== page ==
Dangerous Play

June 26, 2013 at 6:52 am #394
John McNaughton

Hi manvee,

The interpretation for 12.9 says this:
“When making a play at a disc, players need to ensure that they will not cause non incidental contact with another player (neither their stationary position, nor their expected position based on their established speed and direction), before, during or after the attempt at the disc.”

And the interpretation for 17.8.1 says this:
“If two players have the same space reserved at the same time and contact occurs, whoever caused the conflict of reservations (i.e. whoever last moved so that their reserved space clashed with the other players reserved space – usually the player who got the reservation last) is guilty of the foul.”

As far as I can tell from this video, the defender’s attack on the disc was always going to lead to significant contact based on the receiver’s speed and direction, hence it should not be treated as a clean intercept.

If the defender has changed his direction late, thus “reserving the space last”, it should be a foul on him, as he has come into a reserved space and created contact. If not, it should be treated as an offsetting foul, with both players moving to the same space.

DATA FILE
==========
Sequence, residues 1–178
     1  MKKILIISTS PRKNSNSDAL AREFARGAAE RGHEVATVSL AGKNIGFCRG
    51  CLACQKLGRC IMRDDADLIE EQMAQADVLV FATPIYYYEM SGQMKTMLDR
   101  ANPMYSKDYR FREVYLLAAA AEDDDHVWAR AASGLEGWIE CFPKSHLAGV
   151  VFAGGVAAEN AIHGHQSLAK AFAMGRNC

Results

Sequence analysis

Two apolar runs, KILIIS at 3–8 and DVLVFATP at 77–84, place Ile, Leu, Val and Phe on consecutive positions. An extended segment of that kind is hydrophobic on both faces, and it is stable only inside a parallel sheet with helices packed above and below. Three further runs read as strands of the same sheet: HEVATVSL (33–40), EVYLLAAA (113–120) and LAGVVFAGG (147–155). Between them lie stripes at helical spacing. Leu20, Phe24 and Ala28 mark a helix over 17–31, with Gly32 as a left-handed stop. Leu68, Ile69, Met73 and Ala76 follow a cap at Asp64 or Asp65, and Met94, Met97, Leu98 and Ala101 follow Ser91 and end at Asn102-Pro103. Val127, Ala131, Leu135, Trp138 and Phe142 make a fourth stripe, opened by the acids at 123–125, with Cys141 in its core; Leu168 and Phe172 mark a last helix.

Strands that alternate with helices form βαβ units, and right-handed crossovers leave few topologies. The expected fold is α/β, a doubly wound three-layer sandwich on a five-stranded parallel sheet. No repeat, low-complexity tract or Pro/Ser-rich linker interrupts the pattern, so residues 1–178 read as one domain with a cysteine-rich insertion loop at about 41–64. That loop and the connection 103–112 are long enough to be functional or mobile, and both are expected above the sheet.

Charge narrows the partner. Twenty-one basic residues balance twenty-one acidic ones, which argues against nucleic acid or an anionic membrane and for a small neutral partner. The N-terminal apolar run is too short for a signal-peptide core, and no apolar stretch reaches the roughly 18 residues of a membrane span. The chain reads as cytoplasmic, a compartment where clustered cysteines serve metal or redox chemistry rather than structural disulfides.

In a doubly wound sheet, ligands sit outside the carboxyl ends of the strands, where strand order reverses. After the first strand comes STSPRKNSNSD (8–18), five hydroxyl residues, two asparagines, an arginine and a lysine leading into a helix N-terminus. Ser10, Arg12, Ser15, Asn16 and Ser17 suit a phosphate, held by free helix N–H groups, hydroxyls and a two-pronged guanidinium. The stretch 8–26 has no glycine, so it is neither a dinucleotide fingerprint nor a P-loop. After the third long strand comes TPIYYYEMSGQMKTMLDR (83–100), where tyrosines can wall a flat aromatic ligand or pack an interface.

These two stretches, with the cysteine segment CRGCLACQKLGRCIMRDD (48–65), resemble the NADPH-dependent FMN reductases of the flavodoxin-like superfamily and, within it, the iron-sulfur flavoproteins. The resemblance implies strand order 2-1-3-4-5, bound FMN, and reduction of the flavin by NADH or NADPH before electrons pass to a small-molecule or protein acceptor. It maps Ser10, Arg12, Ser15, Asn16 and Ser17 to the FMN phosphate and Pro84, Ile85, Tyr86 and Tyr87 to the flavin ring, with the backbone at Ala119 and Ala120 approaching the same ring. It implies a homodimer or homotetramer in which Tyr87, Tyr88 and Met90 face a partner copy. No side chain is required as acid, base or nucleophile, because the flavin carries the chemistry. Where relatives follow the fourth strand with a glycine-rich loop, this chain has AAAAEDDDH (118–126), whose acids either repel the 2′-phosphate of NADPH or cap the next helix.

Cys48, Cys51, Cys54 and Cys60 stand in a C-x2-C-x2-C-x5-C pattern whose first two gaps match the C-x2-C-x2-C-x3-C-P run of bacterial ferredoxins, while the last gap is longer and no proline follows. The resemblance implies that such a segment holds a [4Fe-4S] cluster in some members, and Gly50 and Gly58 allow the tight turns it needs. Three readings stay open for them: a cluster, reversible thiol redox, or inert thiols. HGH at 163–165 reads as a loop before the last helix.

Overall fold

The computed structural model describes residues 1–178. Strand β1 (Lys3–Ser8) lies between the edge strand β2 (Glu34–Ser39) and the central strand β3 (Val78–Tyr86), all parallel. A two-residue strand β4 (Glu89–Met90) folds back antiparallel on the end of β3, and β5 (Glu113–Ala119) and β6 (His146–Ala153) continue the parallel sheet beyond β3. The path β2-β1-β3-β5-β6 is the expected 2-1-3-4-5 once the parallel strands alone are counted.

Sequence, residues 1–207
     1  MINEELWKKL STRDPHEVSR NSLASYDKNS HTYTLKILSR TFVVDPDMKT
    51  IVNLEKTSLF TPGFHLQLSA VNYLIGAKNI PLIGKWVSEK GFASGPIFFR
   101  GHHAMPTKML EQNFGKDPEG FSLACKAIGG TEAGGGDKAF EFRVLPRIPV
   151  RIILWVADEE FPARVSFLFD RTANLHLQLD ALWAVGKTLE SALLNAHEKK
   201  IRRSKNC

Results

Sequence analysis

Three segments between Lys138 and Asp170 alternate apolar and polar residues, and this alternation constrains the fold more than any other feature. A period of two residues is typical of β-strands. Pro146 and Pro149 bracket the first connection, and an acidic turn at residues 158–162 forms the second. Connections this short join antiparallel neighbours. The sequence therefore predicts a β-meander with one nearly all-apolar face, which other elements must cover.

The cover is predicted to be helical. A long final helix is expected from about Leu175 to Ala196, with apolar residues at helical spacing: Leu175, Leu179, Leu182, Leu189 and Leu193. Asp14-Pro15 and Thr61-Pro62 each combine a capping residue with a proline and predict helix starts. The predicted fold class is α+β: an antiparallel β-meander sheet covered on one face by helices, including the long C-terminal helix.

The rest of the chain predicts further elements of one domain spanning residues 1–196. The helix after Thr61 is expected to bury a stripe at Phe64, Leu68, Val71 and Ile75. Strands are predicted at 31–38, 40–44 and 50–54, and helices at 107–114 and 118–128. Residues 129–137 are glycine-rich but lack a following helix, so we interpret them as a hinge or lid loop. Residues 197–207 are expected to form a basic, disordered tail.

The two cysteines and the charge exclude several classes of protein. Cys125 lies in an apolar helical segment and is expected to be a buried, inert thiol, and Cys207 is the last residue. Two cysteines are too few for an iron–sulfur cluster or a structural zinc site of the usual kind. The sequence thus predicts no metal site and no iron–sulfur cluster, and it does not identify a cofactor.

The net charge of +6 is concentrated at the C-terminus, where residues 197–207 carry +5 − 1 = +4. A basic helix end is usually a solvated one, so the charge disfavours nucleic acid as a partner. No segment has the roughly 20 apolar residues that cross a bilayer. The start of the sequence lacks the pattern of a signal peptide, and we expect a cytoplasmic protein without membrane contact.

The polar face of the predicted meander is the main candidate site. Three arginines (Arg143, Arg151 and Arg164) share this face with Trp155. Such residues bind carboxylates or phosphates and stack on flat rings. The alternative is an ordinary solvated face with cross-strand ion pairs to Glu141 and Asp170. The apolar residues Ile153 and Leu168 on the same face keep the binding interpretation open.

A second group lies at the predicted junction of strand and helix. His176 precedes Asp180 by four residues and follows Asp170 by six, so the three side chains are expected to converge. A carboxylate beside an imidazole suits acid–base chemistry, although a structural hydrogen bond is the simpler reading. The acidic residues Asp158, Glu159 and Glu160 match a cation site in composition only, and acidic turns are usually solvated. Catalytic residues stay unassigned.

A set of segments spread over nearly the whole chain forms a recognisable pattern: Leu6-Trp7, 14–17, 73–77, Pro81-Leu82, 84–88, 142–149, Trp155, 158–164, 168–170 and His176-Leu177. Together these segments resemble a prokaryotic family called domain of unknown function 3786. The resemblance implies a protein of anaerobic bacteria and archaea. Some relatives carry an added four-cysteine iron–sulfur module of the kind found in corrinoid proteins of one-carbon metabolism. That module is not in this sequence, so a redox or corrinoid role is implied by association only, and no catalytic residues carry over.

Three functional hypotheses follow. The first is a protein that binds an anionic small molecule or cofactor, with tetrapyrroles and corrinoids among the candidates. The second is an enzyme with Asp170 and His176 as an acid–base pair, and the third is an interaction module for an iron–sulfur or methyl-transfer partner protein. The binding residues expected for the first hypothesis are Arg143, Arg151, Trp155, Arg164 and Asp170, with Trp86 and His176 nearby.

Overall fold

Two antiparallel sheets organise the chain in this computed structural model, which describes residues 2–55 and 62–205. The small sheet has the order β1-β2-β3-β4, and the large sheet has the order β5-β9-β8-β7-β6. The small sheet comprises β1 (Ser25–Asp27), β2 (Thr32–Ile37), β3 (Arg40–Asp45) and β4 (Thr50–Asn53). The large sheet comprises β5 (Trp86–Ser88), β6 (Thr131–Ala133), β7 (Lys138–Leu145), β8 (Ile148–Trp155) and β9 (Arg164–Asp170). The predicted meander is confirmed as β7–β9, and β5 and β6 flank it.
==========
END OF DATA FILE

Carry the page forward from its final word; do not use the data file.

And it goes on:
“17.10.2. Non incidental contact that occurs as two or more opposing players move towards a single point simultaneously should be treated as offsetting fouls.”

As Rueben has pointed out on this thread: “At its basic level, Ultimate is a non-contact sport that has a bias towards the offence. In these sorts of incidents where contact occurs as two players converge on the same spot, the majority of outcomes will result in the offense retaining possession (either via the receiver or the disc being returned to the thrower). If this sort of collision did result in a turnover, then the rules would be rewarding dangerous play and would be in direct contradiction of one of the basic rules – that Ultimate is a non contact sport.